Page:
Chapter 2, Scene 2
â€œWhat a dump.â€ Cathak Lodaris cracked his neck, looking around the hamlet with disdain from horseback. His crimson armour, polished until it almost shone, gleamed in the afternoon sun, emblazoned with the symbol of Hesiah, and his short daiklaves hung loosely at his belt, ready to be drawn. He smirked, looking around. â€œEven an Anathema wouldnâ€™t be caught dead in a place like this.â€
â€œThatâ€™s for us to decide, isnâ€™t it?â€ Sesus Mirron chuckled softly, and Lodaris shot him a disgusted look. The wiry little Air Aspect took entirely too much pleasure in his work, and was thoroughly disgusting to be around. Lodaris would be just as happy when this Hunt was over; he would never have to deal with the little monster again. â€œAfter all, if these people are sheltering the monsterâ€¦â€
â€œThey arenâ€™t, Mirron.â€ The last member of the group spoke, and Lodaris nodded. Ragara Juani was an exemplary Dynast, fresh from the House of Bells, and her calm, soothing voice had kept Lodaris from strangling Mirron more than once in the past week. If he werenâ€™t an Immaculate, he would even considerâ€¦ resolutely, he steered his thoughts away from such temptations, and began to ride forwards, as Juani continued. â€œEveryone that weâ€™ve talked to simply said that the Anathema and his servants were coming this way. Most likely, this town is merely another stopping point for their crusade.â€ As the group continued, she looked around thoughtfully. â€œThis place is very run-down, though. I wonder if they have fallen on hard times recently.â€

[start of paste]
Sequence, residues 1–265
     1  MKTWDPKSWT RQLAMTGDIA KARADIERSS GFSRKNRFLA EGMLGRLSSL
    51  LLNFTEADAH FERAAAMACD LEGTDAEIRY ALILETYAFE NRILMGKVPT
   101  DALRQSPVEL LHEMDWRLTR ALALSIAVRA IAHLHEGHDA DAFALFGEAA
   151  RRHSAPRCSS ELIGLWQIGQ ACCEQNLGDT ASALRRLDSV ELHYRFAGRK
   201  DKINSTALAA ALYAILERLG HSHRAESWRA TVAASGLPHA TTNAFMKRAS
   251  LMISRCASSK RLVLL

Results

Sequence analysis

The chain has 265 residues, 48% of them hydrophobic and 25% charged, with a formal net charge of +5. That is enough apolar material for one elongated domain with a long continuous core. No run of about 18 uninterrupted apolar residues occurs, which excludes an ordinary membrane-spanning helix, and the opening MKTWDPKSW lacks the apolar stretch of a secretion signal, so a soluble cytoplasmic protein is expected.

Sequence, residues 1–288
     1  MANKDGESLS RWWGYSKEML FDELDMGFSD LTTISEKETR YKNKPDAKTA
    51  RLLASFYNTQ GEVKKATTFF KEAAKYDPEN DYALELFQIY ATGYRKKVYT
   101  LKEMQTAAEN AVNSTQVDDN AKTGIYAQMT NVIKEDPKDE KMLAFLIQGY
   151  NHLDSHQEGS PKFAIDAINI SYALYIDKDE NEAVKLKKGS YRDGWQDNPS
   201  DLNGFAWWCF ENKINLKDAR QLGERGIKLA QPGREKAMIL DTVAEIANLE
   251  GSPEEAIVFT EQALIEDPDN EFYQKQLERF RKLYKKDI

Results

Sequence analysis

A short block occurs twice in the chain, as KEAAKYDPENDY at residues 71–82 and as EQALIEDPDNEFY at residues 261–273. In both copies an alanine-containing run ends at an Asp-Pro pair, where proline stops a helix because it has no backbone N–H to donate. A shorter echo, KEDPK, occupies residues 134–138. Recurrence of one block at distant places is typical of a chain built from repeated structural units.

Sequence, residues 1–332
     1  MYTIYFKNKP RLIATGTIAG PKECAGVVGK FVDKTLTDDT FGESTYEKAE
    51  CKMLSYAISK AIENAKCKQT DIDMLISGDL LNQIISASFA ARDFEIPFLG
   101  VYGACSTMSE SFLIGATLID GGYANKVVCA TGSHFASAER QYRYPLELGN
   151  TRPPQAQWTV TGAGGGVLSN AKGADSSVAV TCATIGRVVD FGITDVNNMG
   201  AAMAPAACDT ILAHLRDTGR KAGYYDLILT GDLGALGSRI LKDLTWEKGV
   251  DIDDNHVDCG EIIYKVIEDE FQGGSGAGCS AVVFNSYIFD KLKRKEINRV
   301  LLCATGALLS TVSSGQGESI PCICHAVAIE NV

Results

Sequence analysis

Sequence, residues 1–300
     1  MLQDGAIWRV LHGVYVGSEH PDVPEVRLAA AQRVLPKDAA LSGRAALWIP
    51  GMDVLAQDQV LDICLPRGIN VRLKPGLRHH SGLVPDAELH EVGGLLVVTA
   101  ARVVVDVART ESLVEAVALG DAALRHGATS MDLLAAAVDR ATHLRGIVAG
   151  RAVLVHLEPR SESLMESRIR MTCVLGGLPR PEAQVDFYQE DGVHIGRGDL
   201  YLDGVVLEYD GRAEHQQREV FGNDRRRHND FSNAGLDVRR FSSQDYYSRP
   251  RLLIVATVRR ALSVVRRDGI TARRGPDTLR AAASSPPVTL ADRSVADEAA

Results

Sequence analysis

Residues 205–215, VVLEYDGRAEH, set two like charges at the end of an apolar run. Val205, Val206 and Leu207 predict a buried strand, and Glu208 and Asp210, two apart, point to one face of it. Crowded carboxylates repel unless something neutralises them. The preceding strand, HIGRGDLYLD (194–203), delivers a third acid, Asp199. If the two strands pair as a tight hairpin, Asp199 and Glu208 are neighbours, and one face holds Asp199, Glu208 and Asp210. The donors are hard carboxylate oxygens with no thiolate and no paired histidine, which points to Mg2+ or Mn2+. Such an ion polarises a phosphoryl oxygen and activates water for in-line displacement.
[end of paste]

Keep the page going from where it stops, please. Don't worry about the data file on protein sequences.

â€œPah!â€ Lodaris spat, springing from his horse as the trio approached what seemed to be the villageâ€™s only inn. â€œMost likely, they simply had a bad harvest. Donâ€™t worry so much, Juani.â€ He raised a hand to the stableboy. â€œYou there! Come stable these!â€ The boy shook his head, looking afraid, and Lodarisâ€™s eyes narrowed. â€œWell? Now, boy! Are you deaf, or simply slow?â€ Beside him, Mirron slid from his horse, fingering his knives as he watched the boy speculatively.
â€œLodaris, he probably doesnâ€™t even speak High Realm.â€ Lodaris blinked, and opened his mouth to reply, then shut it. He had become so used to the Realmâ€™s tributaries that he hadnâ€™t even considered that they were riding beyond the borders of the Satrapies. He muttered something under his breath, as Juani began to speak in a smooth, murmering voice to the boy, who nodded aprehensively, stepping forwards to take the horses. Feeling foolish, Lodaris quickly fished into his pouch and handed the boy a yen. The boy took it with a broad smile, which faltered slightly when Mirron spoke to him in the same tongue. Juani shot him an annoyed look, but pressed on. As they entered the inn, Lodaris lowered his voice and spoke to her.
â€œWhat did he say?â€
â€œHe told the boy that if anything happened to his horse, he would kill every animal in the inn.â€ Her voice was sour, and Lodaris shook his head. For a Child of the Dragons, Mirron showed remarkably poor restraint. He made a mental note to be present when the horses were presented, and then turned his attention to the inn itself.